RECOVERY – is everything. From treatment of ongoing issues, to recovery bathes, to compression garments, to massage, to rehydration and meals, to sleep…..you name it….all things that the physios work with the players to ensure happen well.
NIP IT IN THE BUD – any niggles get jumped on immediately. Understanding what, why and how of something the player is experiencing helps guide what is best treatment. This is not just hands on treatment, but exercise rehab, changes in equipment, whether resting is best (not something anyone ever wants to hear), do the sports physicians and doctors that work on site need to be involved
WORK AS A TEAM – the physio has to get everyone involved that they feel the player needs to ensure the very optimal management, that may be the sports physicians, the massage therapists, the recovery centre team, the dietician, the podiatrist, their own support team and coach – everyone is on site if the player needs it. Keeping these players at their best is very much a team effort.
Enjoy the rest of the Tennis
The importance of exercise in improving health comes through time and time again in research. This may be from things like cancer through to back pain or chronic pain conditions, for example fibromyalgia. A recent study looking at exercise in older athletes in the British Medical journal stated the following: "Engaging in regular physical activity may be one of our best 'life enhancing medicines' and should be used extensively".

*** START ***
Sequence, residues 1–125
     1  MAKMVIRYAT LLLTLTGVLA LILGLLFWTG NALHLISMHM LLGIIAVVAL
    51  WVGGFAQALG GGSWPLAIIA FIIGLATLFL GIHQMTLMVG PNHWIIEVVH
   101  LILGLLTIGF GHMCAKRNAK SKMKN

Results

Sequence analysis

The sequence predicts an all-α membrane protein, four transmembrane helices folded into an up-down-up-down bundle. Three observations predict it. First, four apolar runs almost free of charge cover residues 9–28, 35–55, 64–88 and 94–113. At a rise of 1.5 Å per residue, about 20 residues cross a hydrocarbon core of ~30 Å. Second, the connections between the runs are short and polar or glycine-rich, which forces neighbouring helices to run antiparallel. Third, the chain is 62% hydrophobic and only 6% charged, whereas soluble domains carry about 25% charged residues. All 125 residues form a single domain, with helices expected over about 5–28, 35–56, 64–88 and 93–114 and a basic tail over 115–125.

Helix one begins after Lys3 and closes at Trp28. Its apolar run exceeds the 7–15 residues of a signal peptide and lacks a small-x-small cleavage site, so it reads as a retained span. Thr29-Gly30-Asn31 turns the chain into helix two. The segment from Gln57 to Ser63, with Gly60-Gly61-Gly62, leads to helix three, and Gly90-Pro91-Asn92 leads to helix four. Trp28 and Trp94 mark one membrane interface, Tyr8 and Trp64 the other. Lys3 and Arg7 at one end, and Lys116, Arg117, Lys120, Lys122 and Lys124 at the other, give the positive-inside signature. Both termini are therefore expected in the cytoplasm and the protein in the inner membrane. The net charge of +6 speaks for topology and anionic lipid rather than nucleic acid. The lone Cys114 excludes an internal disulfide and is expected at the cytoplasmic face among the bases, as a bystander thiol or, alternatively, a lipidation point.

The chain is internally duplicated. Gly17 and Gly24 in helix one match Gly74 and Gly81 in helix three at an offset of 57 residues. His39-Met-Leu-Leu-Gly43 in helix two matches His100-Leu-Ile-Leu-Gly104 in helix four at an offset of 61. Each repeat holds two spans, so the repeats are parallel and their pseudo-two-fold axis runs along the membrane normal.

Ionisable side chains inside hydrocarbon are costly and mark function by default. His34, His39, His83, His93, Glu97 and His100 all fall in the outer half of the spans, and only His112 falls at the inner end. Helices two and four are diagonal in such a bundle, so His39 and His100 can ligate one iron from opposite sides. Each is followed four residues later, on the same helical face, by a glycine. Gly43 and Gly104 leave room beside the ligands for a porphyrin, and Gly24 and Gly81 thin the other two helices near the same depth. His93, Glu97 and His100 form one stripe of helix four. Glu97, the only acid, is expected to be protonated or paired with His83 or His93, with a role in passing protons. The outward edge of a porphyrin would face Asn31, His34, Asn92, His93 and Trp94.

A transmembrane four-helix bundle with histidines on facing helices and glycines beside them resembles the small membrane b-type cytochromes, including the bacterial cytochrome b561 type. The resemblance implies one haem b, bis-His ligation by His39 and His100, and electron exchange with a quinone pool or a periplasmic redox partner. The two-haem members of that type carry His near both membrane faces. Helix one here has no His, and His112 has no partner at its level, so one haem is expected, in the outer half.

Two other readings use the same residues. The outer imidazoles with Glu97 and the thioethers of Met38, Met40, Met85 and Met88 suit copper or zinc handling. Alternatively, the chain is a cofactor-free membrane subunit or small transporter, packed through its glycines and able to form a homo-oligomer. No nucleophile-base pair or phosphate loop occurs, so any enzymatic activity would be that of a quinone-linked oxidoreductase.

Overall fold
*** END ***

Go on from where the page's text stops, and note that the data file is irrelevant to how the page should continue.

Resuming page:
In this study higher intensity exercise was found to be more beneficial than moderate intensity exercise, following a twice a week program, at home or in a class setting. Being given a set program helped gain more motivation and compliance from participants. At Physiologix, we are passionate about getting you moving. In our stunning private gym area, with state of the art pilates and rehabilitation equipment, we run an extensive timetable of small, pilates classes where you will have your own individualised program to follow. We also run small physio supervised classes for those needing a little more help and support.
Here is a snapshot of a few pilates based exercises and why we might be doing them.
The 'Scooter' on the reformer is a great exercise to work on hip stability and strengthen for glutes and legs. The idea is to keep your body weight and your balance on the supporting leg, as you kick back with the other leg. Yet it is amazing how many people have done this in Pilates workouts for years before coming to us and felt the exercise more in the front of the thigh…..totally missing the point of this exercise!!! A few little tricks and this becomes one of the best buttock muscle activation and strength exercises there is.